A number of new measures proposed under the interim review of the Nitrates Action Programme (NAP) are expected to be finalised and signed into legislation imminently.

Minister for Housing Darragh O’Brien said earlier this year that the interim review would be subject to a public consultation before the results are published.

The main changes expected are well documented, however, and some have already been as good as accepted in farmer plans, despite not receiving the green light.

One change which was forecast to be introduced in May is a shorter timeframe for notifying the Department of Agriculture of slurry movements.

The proposal, which has received a strong backlash from farm organisations, will give farmers who export organic fertilisers – slurry and farmyard manure (FYM) – four days to record the movement.

The rationale behind the short notification period is to cut down on ‘paper’ or bogus movements of fertilisers.

A shorter window will allow Department officials to carry out spot checks to see if movements actually occurred.

New timelines

The initial target was that farmers who export slurry and manure before 1 June would need to have these movements verified by the importing farmer by 14 July, but there has been no further progress on this.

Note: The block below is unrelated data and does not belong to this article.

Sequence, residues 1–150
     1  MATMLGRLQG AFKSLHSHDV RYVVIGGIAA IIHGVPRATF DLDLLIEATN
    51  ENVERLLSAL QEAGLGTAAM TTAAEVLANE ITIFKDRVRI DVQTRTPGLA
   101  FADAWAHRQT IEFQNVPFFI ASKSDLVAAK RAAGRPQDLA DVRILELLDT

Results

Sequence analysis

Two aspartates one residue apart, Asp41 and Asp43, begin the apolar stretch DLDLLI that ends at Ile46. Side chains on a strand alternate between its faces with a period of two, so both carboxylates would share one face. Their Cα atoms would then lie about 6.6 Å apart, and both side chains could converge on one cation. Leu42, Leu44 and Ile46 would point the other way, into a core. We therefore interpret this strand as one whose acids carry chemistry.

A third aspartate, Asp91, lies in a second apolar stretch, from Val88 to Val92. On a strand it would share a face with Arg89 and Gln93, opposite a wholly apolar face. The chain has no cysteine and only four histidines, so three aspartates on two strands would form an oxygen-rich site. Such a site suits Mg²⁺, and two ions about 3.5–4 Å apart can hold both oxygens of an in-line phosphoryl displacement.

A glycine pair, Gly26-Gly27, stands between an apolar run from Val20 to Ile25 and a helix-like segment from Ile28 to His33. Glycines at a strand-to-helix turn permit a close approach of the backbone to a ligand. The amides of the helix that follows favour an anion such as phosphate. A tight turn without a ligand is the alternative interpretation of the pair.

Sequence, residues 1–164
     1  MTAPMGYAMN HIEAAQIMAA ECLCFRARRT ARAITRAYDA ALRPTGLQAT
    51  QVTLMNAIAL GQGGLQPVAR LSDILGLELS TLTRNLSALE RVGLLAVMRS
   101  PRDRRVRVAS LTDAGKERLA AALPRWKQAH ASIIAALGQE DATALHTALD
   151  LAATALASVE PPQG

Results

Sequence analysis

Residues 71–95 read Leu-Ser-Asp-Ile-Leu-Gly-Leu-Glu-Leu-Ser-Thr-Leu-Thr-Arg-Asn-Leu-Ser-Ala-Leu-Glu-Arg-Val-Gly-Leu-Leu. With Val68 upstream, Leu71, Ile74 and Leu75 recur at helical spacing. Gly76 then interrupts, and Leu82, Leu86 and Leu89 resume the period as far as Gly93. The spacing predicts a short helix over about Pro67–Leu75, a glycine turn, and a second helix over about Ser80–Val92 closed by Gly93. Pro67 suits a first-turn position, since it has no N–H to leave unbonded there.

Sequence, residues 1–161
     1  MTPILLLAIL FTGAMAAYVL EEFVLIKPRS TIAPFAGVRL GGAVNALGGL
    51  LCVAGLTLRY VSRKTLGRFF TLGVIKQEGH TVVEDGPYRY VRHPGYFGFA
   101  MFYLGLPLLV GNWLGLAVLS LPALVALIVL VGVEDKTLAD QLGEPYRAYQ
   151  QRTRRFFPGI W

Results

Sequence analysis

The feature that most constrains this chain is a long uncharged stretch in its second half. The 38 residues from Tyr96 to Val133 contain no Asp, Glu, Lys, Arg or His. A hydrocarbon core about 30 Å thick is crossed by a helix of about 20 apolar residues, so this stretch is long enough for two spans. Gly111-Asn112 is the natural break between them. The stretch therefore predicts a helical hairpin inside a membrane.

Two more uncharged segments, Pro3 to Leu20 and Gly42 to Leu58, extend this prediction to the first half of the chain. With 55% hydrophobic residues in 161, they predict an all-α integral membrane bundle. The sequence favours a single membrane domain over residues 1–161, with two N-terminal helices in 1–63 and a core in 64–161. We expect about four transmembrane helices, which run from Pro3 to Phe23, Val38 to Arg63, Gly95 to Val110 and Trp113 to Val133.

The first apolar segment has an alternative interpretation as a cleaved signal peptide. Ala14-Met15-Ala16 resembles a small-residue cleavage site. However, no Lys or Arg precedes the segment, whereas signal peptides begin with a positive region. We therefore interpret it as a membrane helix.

It had also been proposed that movements which takes place between 1 June and 31 December would need to be verified by 14 January 2025.

If such rules are introduced, it means that the deadline for farmers exporting to notify the Department of slurry for land spreading will be 4 October, as the prohibited period for applying slurry begins on 1 October and 1 November for FYM. There is also a firm proposal to reduce chemical nitrogen allowances by 5%.

It is also pretty much assumed that where a farmer opts to feed a lower protein ration that the nitrogen excretion rates of cows will be lowered.

The exact details are to be announced, but it is expected that a weighted average will be used.

For example, for a herd in the middle band and a current excretion rate of 92kg N, this would fall to 90kg where a 15% crude protein (CP) concentrate is fed, 89kg at 14% CP and 87kg at 13%.

There is expected to be a change in excretion rates for young calves (newborn to three months of age) and calves aged over three months of age.

Teagasc research shows that a calf excretes 1kg on N in the first three months of life and another 20kg over the next nine months compared to the current figure of 24kg up to 12 months of age.

It is also proposed to amend the excretion rate for cattle aged one to two years to 55kg for females and 61kg for males.

As Aidan Brennan outlines, farmers need greater clarity on the future of the nitrates derogation and also any changes introduced under the interim review of NAP. Siobhán Walsh outlines many tillage specific rule changes introduced recently.

The lieback rule for catch crops had a lack of clarity on future nitrates changes is preventing farmers from progressing their business.

If the Department wants to harness more co-operation between tillage and livestock farmers, then this is one way of preventing it.